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Houston’s Rebuild: Fast Track or Trust the Process?

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The Houston Rockets find themselves in a unique position, they have a budding young core and the most draft capital outside of the Oklahoma City Thunder. This offseason will be a pivotal moment as the Rockets start the processes of rebuilding their team.

The Rockets seemingly have two options, they can either use their draft capital and trust their scouting, or they can look to the trade market. With a team like the Clippers doing the latter and a team like the Nuggets doing the former, the most advantageous route is not so clear.

Fast Track Via Trade

With a new regime in Houston, they might feel pressured to act quickly after James Harden left the franchise in disarray. Amid this pressure, the Rockets could look to the trade market to expedite the rebuild process. There is one caveat and that being John Wall would likely need to be included in any significant trade or at least traded in a separate deal. This is due to the nature of Wall’s contract and the likely unwillingness of Rockets head office to go that deep into the luxury tax for Wall. In addition, the moving of Eric Gordon would ease this process significantly as well, although he as well has an undesirable contract.

There are two names floating around the trade market that could make sense or at least fit the mold of fast-tracking through the draft. The first one is Ben Simmons, and admittedly this seems unlikely for a plethora of reasons. Whether it be due to Houston’s history with the 76ers GM Daryl Morey or the predictable disagreement in the price for Simmons, the Rockets are unlikely to end up with Simmons. With that being said, I use Simmons as more of an example as to what a trade for a younger potential-filled player would look like.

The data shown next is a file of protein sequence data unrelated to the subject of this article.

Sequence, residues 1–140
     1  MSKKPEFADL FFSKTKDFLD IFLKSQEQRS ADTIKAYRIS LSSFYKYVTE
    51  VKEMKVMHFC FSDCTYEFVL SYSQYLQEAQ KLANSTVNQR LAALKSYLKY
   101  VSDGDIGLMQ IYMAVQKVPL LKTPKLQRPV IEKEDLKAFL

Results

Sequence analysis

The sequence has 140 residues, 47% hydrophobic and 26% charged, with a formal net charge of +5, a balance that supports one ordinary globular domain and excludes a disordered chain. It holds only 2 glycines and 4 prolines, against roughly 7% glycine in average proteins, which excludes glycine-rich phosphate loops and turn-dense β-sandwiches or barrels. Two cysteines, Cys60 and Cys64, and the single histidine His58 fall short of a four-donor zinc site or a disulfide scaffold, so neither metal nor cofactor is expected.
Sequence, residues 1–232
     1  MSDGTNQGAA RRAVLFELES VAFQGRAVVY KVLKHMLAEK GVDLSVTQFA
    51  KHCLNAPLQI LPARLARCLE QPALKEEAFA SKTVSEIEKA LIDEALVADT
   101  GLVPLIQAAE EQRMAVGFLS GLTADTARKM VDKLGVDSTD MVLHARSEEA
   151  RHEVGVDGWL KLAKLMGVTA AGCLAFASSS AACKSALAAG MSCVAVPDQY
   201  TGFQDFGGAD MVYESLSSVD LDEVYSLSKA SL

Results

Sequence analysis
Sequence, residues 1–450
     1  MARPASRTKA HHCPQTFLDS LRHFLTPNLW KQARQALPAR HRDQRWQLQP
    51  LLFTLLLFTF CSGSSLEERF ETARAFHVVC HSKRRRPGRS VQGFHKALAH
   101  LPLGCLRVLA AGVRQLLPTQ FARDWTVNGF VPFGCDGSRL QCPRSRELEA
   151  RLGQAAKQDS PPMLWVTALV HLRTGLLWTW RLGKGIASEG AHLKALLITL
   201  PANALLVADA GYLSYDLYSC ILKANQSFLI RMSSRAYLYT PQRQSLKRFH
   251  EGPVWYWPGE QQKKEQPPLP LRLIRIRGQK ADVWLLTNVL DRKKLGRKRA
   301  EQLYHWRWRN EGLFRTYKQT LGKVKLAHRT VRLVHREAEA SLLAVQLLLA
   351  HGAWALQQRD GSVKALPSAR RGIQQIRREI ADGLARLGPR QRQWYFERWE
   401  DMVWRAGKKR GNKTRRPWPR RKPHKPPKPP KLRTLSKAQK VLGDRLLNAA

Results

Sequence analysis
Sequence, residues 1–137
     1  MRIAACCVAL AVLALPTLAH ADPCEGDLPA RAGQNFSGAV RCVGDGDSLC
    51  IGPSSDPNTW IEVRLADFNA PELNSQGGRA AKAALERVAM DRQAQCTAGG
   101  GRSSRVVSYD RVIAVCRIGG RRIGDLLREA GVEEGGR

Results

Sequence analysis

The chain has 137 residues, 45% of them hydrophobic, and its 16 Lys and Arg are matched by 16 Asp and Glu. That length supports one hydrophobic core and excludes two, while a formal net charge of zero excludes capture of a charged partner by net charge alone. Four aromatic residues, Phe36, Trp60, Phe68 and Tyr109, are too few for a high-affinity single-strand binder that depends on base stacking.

As mentioned before, for contract reasons John Wall would need to be moved in some capacity. In addition, it would likely cost the Rockets most of their draft picks and even then the 76ers may not bite at the idea of offloading talent for picks in the middle of Joel Embid’s prime.

For the reasons stated above, if the Rockets pursue this route, it is more likely the case they look at a player such as Damian Lillard. Again as a consequence of the Wall contract, a team such as Portland would likely be more willing to take that contract on. Portland is as well more likely to be happy with draft picks as compensation in a trade with Lillard, as this would initiate a rebuild.

While hearing that Lillard is on your team would likely excite any fanbase, is a team in the position of the Rockets a good fit for a player whose desire is to win a ring as soon as possible? If the Rockets opt to go the route of blockbuster trade, their ability to move on from the Wall contract and the draft picks required to do so will be the focal point.

Trust The Process

The alternative to trading for a big-name player is to use the second overall pick this year and start building through the draft. Houston was gifted a golden opportunity when they won the lottery and landed the second overall pick. This gave them the capital to jumpstart their rebuild whether by drafting at number two or trading it away to move up or for other compensation.

If the Rockets were to draft at the number two spot, they would likely be picking from a pair of dynamic players in Jalen Green and Evan Mobley. The strongest argument made for the rockets going this direction is that this would not cost anything via trade and either of these players could immediately have a star player impact.

With that being said, the alternative argument is that the player the Rockets draft does not turn out and the coveted number two pick did not yield any returns. With everything considered, the Rockets should likely stick with picking at number two or use their extensive draft capital to go up to the number one pick which is heavily rumored.

The newly formed Rockets front office has a beast of a burden in front of them with the looming decisions to come in the next few months.. Unlike many front-office regimes that are newly formed in the NBA, Houston has the ammunition to make significant changes. The result of that is usually a tenured front office regime or a short-lived one. Whatever Houston decides to do, their fanbase has an exciting and pivotal offseason ahead.


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